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Game Over Online ~ Carnivores 2

GameOver Game Reviews - Carnivores 2 (c) WizardWorks, Reviewed by - Kobayashi

Game & Publisher Carnivores 2 (c) WizardWorks
System Requirements Pentium 233, 32MB Ram, 4x CD-ROM
Overall Rating 64%
Date Published Thursday, November 25th, 1999 at 09:12 PM

Divider Left By: Kobayashi Divider Right

We've hunted birds, deer, and numerous other animals, I think we even hunted Rednecks (as ironic as that may be), so why not dinosaurs? That's what Ukrainian developer Action Forms figured last year, when they released the original Carnivores, and here we are a year later and Carnivores 2 roars onto the PC just in time for... the holiday season. The original Carnivores was released amongst a clutter of other hunting titles last year, but yet managed to stay above the pack with it's strong visual and audio elements. So what can we expect from the sequel? Pretty much the same old song, but is that a good thing or a bad thing?

The sequel emphasizes, if anything, more variety in terms of dinosaurs. In the original Carnivores, there were only three dinosaurs that were actually carnivores. Carnivores 2 adds two more meat eaters, the spinosaurus and the ceratosaurus, to the mix which already included the velociraptor, the allosaurus, and the tyrannosaurus. There are new plant eaters as well, including the anklyosaurus. They've also added a number of dinosaurs to the fray simple for atmosphere, rather than sport. If you hunt, for example the brachiosaurus, you'll receive no reward for your efforts, since these dinosaurs aren't listed as the hunted.

Much like the original Carnivores, the hunting is based on a credit system. At the beginning of the game, armed with a pistol, players must kill dinosaurs to earn credits in order to open more dangerous and exotic locales, enabling the use of more advanced weapons and tools, and allow players to select dinosaurs from the list that are more rewarding to hunt. Another difference between the original and sequel is the limitations placed by the credit system. In the original, you were restricted to one piece of equipment at the beginning of the game, as well as hunting one particular dinosaur. In Carnivores 2, you can carry as many weapons and hunt as many dinosaurs and you can afford too.

There are five different locations to hunt dinosaurs which span through vast jungles, forts, hills and mountains. As mentioned above, there are nine different dinosaurs you can hunt for credits, including the always difficult T-Rex, where only a shot between the eyes will destroy it. There are six different weapons to choose from, ranging from a lowly pistol, to a sniper's rifle. There's a handful of equipment you can take on your hunt as well, including a radar and cover scent, to help improve your chances of finding the dinosaurs you're looking for, as well as staying clear of those you're looking to avoid.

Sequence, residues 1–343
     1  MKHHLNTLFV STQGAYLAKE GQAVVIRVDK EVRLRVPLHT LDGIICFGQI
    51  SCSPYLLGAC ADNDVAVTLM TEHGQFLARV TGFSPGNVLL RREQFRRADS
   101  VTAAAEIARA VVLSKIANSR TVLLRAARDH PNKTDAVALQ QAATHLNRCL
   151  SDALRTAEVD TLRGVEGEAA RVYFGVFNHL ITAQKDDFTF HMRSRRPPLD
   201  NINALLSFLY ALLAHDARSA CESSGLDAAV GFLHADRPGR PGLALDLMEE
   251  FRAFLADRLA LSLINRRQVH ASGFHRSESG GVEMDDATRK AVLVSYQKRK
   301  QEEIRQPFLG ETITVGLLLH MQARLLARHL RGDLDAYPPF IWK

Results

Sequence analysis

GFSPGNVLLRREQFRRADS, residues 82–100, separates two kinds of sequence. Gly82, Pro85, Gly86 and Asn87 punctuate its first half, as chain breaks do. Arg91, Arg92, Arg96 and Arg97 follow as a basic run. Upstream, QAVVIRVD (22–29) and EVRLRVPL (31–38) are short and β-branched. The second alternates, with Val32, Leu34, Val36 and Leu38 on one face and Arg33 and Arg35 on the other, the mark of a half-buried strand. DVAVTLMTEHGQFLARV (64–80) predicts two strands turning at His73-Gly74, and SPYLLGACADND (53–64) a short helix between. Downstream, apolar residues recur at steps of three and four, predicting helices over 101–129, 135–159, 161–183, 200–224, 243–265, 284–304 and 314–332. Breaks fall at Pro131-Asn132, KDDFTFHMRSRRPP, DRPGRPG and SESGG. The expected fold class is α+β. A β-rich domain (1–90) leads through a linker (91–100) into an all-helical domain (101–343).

The graphics in Carnivores 2, much like the original, are great. The dinosaurs are carefully detailed and move around the locales with incredible realism. When shot and wounded, dinosaurs leave trails of blood and when you shoot them with tranquilizers, you can see them stumbling around. The environments are also quite beautiful. Forests are dense and swamps and merky. Added into Carnivores 2, is the ability to hunt at three different times of the day: dawn, day, or night. The night missiosn are seen through the distinctive green tint of night goggles, whereas sunlight permeates hunts that take place in the morning. The effects generated look great. The audio also continues to be top notch. Each dinosaur has it's own distinctive call, and the larger dinosaurs are rather loud and scary. The atmosphere of each locale is much improved as well by the addition of sound effects ranging from leaves brustling, to streaming water. Once again, Action Forms has done a terrific job in the visual and audio departments.

So what's wrong with Carnivores 2? Well, much like the original, it consists of long, mundane walks through each locale, looking for that oh so elusive dinosaur. The radar certainly helps track them down for you, but it still becomes boring after awhile. Obviously this is exactly what hunting is all about, you're not going to find your prey that easily. However, while it might have worked in the original Carnivores, it makes for uninspiring gameplay in the sequel. What this title could really use is some objective based missions to go along with the hunts. I'm not going to steal any ideas from Trespasser or Jurassic Park, but a little imagination could go a long way, especially in a game where the audio and visual elements are so strong to begin with.

Let's see now, excellent graphics, realistic sound... oh, and they added the digit 2 to the end of Carnivores. Clever! Besides the addition of a few new dinosaurs, Carnivores 2 does little to expand on the original game. They've got a solid 3D engine, but I think it's time they use a little of their imagination to create a real solid gaming experience. Something with a little substance. Maybe then they wouldn't have to sell their games so cheap.


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